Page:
A CEP Peptide receptor-like kinase regulates root growth and symbiotic nodulation (Plant Cell)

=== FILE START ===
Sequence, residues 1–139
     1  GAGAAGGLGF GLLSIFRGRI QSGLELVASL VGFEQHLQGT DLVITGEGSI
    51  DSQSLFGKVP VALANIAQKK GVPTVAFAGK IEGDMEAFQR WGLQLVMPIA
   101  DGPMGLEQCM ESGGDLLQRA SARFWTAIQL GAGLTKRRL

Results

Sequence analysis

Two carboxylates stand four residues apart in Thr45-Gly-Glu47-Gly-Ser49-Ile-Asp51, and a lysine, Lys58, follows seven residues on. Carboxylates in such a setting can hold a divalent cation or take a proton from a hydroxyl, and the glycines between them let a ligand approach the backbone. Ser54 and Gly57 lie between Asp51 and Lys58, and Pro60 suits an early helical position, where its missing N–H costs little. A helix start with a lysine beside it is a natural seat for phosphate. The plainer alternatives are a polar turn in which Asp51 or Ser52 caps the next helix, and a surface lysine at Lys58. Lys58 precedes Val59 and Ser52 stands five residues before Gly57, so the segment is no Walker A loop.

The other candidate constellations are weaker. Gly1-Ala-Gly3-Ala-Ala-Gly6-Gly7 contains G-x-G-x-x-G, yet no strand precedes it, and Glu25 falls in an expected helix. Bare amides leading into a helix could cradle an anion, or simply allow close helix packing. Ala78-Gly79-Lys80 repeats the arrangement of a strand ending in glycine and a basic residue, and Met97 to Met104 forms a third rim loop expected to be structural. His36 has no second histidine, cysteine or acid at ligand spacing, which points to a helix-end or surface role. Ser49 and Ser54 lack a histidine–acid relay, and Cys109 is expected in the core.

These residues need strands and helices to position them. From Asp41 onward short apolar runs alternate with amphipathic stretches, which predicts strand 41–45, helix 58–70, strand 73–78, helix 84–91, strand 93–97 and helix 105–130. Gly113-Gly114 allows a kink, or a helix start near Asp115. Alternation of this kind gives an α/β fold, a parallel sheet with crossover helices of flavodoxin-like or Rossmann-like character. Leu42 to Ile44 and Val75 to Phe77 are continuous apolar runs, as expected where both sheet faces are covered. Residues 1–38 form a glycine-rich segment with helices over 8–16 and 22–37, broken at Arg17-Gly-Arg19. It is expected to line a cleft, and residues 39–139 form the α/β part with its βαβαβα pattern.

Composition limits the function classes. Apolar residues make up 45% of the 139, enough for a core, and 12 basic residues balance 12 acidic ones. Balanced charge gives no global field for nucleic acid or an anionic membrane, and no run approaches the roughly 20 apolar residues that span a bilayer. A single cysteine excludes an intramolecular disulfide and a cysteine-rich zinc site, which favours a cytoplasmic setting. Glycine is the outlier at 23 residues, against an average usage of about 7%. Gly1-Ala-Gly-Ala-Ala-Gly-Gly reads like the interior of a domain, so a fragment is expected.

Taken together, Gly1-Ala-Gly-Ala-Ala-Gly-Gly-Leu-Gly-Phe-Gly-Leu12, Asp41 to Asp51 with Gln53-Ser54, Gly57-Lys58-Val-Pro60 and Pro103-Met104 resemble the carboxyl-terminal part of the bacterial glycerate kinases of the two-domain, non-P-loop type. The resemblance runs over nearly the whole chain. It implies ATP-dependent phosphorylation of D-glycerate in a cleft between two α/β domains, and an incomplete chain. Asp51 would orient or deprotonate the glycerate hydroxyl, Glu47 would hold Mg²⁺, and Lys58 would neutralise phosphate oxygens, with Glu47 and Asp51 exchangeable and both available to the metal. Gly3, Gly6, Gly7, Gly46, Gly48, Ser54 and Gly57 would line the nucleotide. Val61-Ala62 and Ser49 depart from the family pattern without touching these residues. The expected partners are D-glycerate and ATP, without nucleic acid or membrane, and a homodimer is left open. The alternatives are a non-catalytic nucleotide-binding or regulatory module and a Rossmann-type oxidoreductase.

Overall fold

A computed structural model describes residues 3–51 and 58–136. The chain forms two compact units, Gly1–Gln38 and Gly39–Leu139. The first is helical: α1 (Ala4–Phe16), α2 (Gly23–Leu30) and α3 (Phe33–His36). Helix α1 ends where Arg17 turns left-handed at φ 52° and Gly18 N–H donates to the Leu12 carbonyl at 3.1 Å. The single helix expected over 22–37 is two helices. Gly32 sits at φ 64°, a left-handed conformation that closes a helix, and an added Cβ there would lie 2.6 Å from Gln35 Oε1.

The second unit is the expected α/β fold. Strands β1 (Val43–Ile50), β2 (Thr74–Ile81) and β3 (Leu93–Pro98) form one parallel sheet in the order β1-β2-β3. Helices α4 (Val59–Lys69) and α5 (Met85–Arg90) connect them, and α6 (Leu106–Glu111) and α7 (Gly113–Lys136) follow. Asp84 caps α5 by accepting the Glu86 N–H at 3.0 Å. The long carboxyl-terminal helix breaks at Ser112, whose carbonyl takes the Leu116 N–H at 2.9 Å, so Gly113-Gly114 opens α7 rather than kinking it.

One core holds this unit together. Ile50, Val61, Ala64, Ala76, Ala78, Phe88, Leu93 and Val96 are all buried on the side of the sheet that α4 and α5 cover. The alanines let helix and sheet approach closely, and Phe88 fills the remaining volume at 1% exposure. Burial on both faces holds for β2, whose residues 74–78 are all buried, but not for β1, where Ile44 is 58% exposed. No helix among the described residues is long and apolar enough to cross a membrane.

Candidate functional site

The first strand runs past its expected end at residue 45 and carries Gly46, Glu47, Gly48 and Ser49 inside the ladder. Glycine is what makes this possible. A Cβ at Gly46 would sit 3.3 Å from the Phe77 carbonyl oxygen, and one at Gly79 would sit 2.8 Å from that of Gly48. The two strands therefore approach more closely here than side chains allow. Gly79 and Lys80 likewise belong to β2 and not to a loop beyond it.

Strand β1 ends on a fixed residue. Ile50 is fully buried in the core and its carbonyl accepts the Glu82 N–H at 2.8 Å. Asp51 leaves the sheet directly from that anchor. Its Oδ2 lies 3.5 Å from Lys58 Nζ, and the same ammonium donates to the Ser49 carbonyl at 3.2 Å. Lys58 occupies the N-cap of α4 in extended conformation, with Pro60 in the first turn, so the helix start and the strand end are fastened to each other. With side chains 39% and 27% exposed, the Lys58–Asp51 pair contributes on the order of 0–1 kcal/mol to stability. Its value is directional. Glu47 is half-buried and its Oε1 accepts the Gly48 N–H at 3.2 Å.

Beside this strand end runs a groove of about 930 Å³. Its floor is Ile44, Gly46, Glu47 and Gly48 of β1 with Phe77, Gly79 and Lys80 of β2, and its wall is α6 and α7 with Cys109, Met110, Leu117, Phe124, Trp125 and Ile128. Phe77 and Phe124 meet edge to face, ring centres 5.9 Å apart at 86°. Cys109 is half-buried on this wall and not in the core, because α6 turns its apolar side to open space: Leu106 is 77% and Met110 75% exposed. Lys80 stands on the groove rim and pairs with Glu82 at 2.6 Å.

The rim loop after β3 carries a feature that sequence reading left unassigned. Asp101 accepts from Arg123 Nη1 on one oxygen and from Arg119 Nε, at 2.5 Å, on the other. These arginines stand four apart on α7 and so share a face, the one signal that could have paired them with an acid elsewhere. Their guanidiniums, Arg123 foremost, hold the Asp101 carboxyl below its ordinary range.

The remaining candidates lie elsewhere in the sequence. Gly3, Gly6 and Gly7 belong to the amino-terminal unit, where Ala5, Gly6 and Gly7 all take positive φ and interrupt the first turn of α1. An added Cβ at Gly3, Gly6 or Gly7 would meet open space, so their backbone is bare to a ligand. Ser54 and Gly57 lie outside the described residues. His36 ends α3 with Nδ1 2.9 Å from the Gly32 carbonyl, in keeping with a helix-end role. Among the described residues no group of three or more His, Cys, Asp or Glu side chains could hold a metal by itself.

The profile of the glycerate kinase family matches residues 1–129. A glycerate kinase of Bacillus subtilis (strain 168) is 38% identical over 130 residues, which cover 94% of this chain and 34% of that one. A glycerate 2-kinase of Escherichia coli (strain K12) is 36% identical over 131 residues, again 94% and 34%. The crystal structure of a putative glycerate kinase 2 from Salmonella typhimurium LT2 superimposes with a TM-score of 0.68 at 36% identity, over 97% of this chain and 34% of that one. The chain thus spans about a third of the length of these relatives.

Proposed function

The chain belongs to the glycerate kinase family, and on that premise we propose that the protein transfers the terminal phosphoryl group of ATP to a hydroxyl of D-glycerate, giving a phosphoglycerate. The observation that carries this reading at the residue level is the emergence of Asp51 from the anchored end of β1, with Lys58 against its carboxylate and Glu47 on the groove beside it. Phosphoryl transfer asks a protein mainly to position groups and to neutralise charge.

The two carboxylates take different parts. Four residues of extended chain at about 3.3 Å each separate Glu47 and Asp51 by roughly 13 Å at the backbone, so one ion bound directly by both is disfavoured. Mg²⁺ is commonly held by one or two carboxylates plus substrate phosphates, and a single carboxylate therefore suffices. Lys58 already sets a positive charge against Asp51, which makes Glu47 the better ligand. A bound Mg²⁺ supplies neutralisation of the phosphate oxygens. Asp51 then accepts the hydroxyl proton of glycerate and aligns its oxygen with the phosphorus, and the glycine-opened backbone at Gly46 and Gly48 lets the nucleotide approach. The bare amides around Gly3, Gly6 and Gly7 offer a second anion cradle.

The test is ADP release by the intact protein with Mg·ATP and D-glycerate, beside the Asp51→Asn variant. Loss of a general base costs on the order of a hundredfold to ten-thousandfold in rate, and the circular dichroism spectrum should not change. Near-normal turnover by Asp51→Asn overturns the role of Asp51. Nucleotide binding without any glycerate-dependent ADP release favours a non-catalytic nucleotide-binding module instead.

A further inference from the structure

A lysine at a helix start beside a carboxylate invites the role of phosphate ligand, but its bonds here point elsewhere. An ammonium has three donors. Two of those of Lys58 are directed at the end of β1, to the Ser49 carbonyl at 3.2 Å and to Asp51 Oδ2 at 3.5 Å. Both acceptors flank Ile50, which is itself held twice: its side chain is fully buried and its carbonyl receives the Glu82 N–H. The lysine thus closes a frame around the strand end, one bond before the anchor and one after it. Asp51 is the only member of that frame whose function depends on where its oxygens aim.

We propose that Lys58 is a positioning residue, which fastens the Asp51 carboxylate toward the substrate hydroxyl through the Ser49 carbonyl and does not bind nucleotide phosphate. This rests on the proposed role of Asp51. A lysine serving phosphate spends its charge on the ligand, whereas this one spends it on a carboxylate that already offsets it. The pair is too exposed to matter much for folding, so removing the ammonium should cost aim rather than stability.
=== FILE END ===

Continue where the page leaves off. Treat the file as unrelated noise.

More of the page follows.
Under low N condition, plants form more lateral roots to facilitate N-uptake efficiency, and legumes such as Medicago truncatula develop more nodules to fulfill plant nitrogen requirements. Since both lateral root formation and nodulation are energy-consuming processes, plants balance these developmental processes, but the regulatory mechanism involved is still a question. Zhu et al. found that MtCEP1-peptide interaction with the MtCRA2 (Compact Root Architecture 2) receptor-like Kinase is involved in coordinating root and nodule development. The authors performed transcriptome analysis of cra2 mutants and showed that under low nitrogen conditions, MtCRA2 inhibits the expression of MtYUC2 (YUCCA2) as well as other auxin transport and metabolism genes thereby modulating the root system architecture. The nodulation phenotype of the ein2 cra2 double mutant and in-vitro phosphorylation assays showed that MtCRA2 can trans-phosphorylate MtEIN2 and inhibit MtEIN2 cleavage, interrupting the ethylene signaling pathway and making plant roots more susceptible to rhizobial infection. The authors propose a model showing the role of the MtCEP1/MtCRA2 pathway in regulating auxin and ethylene hormone signaling pathways to balance lateral root growth and nodulation under low N condition. (Summary by Sunita Pathak @psunita980) Plant Cell 10.1105/tpc.19.00428